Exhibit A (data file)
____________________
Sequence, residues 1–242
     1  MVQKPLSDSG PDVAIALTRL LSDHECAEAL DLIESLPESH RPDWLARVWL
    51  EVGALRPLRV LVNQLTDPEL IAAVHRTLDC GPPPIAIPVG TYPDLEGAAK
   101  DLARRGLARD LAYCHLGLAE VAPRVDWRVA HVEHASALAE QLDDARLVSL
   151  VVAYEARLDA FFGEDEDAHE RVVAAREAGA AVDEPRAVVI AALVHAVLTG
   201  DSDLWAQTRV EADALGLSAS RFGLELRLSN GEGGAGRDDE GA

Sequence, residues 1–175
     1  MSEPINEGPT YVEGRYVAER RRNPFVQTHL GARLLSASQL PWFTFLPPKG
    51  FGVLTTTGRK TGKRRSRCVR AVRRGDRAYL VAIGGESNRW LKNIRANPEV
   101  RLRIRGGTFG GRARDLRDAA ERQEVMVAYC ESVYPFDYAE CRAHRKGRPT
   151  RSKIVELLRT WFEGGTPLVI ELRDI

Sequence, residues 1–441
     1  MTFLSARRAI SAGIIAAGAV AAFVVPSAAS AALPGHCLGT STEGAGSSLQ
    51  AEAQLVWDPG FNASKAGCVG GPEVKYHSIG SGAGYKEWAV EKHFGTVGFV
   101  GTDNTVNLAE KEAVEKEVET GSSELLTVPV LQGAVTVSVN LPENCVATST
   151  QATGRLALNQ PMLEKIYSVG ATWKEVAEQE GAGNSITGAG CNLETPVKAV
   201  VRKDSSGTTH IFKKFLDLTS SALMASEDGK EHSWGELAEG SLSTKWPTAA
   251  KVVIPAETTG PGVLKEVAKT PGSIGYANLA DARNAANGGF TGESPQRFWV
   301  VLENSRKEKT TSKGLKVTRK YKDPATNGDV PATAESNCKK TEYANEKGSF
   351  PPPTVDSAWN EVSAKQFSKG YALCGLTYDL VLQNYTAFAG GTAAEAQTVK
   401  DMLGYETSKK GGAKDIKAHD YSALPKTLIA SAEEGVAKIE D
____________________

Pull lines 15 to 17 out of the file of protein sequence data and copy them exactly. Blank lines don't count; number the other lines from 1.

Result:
   101  GTDNTVNLAE KEAVEKEVET GSSELLTVPV LQGAVTVSVN LPENCVATST
   151  QATGRLALNQ PMLEKIYSVG ATWKEVAEQE GAGNSITGAG CNLETPVKAV
   201  VRKDSSGTTH IFKKFLDLTS SALMASEDGK EHSWGELAEG SLSTKWPTAA